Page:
The challenges facing the successor of Pope Benedict XVI come into sharper focus when we widen the historical lens through which we view this papal transition. Benedict XVI will be the last pope to have participated in the Second Vatican Council, the most important Catholic event since the 16th century. An ecclesiastical era is ending. What was its character, and to what future has Benedict XVI led Catholicism? writes George Weigel in Ethics and Public Policy Centre.
Vatican II, which met from 1962 to 1965, accelerated a process of deep reform in the Catholic Church that began in 1878 when the newly elected Pope Leo XIII made the historic decision to quietly bury the rejectionist stand his predecessors had adopted toward cultural and political modernity and to explore the possibilities of a critical Catholic engagement with the contemporary world.
That reform process, which was not without difficulties, reached a high point of ecclesiastical drama at Vatican II, which has now been given an authoritative interpretation by two men of genius, John Paul II and Benedict XVI, both influential figures at the Council. According to that interpretation, the church must rediscover and embrace its vocation as a missionary enterprise.
Evangelical Catholicism -- or what John Paul II and Benedict XVI dubbed the "New Evangelization" -- is the new form of the Catholic Church being born today. The church is now being challenged to understand that it doesn't just have a mission, as if "mission" were one of a dozen things the church does. The churchisa mission.
At the centre of that mission is the proclamation of the Gospel and the offer of friendship with Jesus Christ. Everyone and everything in the church must be measured by mission-effectiveness. And at the forefront of that mission -- which now takes place in increasingly hostile cultural circumstances -- is the pope, who embodies the Catholic proposal to the world in a unique way.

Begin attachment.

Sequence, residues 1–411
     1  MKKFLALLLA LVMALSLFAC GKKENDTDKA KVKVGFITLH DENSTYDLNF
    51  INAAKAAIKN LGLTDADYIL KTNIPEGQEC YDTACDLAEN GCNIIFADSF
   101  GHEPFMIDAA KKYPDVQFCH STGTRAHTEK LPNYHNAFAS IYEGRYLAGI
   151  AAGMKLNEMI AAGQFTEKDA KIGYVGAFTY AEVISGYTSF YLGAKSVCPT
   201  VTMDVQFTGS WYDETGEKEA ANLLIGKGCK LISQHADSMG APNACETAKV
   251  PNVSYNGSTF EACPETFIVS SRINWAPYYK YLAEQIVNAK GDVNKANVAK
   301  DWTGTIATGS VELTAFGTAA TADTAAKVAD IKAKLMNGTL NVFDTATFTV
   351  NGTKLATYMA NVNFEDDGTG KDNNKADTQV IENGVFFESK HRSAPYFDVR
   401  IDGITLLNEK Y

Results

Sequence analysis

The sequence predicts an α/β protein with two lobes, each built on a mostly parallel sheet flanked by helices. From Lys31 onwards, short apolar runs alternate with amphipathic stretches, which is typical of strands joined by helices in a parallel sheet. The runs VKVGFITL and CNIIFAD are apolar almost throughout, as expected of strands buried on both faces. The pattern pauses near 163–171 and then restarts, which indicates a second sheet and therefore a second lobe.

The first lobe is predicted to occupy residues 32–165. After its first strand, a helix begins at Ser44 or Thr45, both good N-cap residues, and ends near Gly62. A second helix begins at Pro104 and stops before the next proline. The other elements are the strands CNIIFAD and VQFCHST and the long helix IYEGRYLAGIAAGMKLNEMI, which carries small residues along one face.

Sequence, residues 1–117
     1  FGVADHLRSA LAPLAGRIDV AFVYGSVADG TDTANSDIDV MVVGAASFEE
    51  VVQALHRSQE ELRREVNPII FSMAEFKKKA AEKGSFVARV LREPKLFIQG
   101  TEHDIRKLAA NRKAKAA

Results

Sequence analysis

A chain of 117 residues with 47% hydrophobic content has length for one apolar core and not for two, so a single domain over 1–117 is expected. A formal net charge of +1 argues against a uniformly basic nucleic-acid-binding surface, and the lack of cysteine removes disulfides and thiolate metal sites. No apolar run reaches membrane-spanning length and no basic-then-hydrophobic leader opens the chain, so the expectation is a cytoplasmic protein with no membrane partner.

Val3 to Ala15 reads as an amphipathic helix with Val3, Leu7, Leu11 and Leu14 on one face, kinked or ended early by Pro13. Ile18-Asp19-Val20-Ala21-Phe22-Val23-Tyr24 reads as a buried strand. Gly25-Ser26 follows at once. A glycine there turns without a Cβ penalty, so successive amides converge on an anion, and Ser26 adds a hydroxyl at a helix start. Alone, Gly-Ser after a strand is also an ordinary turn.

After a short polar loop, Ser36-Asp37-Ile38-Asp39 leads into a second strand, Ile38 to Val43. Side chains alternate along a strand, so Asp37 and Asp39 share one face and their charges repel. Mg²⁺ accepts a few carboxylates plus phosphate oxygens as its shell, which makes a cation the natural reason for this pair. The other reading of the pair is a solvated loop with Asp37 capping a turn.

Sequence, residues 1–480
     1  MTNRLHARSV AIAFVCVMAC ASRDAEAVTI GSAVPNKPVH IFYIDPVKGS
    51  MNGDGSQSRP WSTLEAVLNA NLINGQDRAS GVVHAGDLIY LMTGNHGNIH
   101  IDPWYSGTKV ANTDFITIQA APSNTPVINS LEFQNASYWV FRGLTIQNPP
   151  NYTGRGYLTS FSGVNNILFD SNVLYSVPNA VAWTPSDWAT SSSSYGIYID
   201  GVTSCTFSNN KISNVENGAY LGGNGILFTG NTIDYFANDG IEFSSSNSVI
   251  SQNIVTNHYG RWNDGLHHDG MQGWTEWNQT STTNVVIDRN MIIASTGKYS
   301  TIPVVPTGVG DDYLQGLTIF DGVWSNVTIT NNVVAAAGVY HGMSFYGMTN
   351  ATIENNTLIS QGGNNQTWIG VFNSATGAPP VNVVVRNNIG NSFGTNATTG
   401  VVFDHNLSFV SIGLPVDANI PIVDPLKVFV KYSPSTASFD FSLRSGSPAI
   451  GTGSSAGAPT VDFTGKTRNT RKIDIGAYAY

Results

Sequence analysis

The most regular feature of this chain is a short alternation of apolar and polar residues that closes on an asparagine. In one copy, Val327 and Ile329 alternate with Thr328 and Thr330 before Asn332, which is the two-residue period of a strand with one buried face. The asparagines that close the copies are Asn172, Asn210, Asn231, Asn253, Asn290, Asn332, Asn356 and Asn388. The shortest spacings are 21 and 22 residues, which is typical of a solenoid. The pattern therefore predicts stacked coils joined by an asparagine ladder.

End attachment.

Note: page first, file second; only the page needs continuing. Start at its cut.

So at this hinge moment, when the door is closing on the Counter-Reformation church in which every Catholic over 50 was raised, and as the door opens to the evangelical Catholicism of the future, what are the challenges facing the new pope?
Catholicism is dying in its historic heartland, Europe. The new pope must fan the frail flames of renewal that are present in European Catholicism. But he must also challenge Euro-Catholics to understand that only a robust, unapologetic proclamation of the Gospel can meet the challenge of a Christophobic public culture that increasingly regards biblical morality as irrational bigotry.
The new pope must be a vigorous defender of religious freedom throughout the world. Catholicism is under assault by the forces of jihadist Islam in a band of confrontation that runs across the globe from the west coast of Senegal to the eastern islands of Indonesia.
FULL STORY Catholics need a Pope for the New Evangelisation (EPPC)